Charleston, Racism, And Reconciliation

As believers, many Christians may live their entire lives and never experience the direct impact of racism. While some have a firm understanding of the historic role that systemic racism has played in our nation’s history, we would much rather forget the horrific tragedies that plague our past.  Unfortunately, from time to time, we awaken to the headlines of a news story that serves as a tragic reminder that while great strides in racial reconciliation have been made, there is still more to be done. 

The hearts of many were heavy upon hearing of the deadly shooting at Emanuel African Methodist Episcopal (A.M.E.) Church in Charleston, South Carolina that left nine parishioners dead including Rev. Clementa C. Pinckney, the church’s pastor. The church is one of Charleston’s oldest African Methodist Episcopal Churches and has served the community for more than 100 years. The alleged gunman, Dylann Storm Roof, a 21-year-old white male, told police that his actions were racially motivated and that he desired to start a “race war.” 

The thoughts and prayers of many are with the families and friends of those who have suffered loss, the members of Emanuel A.M.E. Church, and the Charleston community directly impacted by this tragedy. In addition, we pray for the Family of Dylann Storm Roof who are understandably under the media microscope as many search for answers. Finally, as a response to the command of Christ that we must “love our enemies and pray for those who persecute us” (Matthew 5:44), Christians should also be praying for Dylann Storm Roof as well. We can pray for Dylann’s eyes to open to the impact of his actions in this violent tragedy. We can pray for Dylann’s heart to be convicted of the damage he has caused to so many people. We can also pray for Dylann to come to a saving knowledge of Jesus Christ so that he can ultimately be forgiven for the sin of racism expressed in his deadly actions.  

As many desire to see justice in this situation, the hope of the Christian is not found in the justice of a courtroom but in hope that can only be found in Christ. It is in this hope that we rest in the knowledge that Jesus Christ will make all things right. 

Many in the media will view this storyline through the lens of the historic racism clouding our nation’s past. Some will view this storyline through the political motivations of a particular party. Still others will use this as an opportunity to address a variety of subjects from racism, to gun control, and even terrorism. As a Christian, we must view this storyline through the lens of a Biblical Worldview.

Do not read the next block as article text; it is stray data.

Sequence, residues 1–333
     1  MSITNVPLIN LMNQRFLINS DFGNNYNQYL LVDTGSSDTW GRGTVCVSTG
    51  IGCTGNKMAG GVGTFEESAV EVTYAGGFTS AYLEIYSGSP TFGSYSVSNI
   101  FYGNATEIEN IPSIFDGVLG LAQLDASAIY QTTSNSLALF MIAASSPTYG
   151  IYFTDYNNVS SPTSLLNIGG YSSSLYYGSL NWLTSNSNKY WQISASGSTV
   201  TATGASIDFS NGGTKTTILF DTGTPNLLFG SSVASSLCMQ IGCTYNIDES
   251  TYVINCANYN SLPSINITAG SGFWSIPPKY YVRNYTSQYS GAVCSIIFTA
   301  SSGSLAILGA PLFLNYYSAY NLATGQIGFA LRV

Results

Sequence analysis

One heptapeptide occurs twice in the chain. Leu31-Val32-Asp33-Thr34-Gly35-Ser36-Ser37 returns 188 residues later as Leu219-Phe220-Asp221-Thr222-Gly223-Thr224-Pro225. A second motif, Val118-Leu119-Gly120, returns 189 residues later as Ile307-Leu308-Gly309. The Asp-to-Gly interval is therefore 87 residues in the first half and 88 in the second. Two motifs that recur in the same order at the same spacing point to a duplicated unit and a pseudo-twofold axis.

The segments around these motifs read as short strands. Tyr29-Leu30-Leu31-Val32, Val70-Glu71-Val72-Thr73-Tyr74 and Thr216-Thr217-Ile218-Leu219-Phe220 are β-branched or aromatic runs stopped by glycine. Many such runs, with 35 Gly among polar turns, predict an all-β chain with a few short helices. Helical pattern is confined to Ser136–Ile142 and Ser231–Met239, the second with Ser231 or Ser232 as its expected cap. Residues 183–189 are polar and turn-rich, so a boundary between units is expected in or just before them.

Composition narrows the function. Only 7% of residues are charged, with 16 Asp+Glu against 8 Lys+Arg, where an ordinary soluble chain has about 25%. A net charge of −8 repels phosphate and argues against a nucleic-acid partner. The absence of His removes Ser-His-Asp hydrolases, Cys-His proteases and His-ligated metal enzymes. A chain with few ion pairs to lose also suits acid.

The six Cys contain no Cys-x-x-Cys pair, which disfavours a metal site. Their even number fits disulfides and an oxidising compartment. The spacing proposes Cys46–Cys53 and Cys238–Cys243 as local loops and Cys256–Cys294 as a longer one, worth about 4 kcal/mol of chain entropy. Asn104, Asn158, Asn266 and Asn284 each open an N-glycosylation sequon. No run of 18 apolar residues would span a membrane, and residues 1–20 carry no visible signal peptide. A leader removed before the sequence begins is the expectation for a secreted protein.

All are created in the Image of God – Imago Dei

With regard to the issue of race, one thing is clear from the lens of Scripture, all human beings are created in the image of God (Genesis 1:27). What makes this situation so tragic is the Christian understanding that every human being, regardless of race, is an image bearer of God with inherent value and worth. It is our Christian understanding of moral absolutes regarding truth that inform us that the taking of innocent human life is always wrong and should be punished. 

Evil is the result of Sin

Even as race is a major thread through this story the issue that is at the root of the problem is not simply a skin issue, it’s a sin issue. Racism, pride, hatred, and murder are all expressions of a sinful heart condition in need of repair. It’s the promise of God that sets in motion the necessary cure for an evil heart.

Ezekiel 36:26 “And I will give you a new heart, and a new spirit I will put within you. And I will remove the heart of stone from your flesh and give you a heart of flesh.”

God is Sovereign

As many search for answers to the question “why,” we may never know with specificity the reasons for this horrible tragedy. We can point to racism and other things that plagued our past. We can point to the misplaced rage of a young man who committed murder. Regardless of what you point to in the way of answers, we must know that God is Sovereign and that He will use this tragic event for the good of those who love Him and are called according to His purpose (Romans 8:28). If we allow ourselves, even tragedy can be used to conform us into the image of Jesus Christ (Romans 8:29).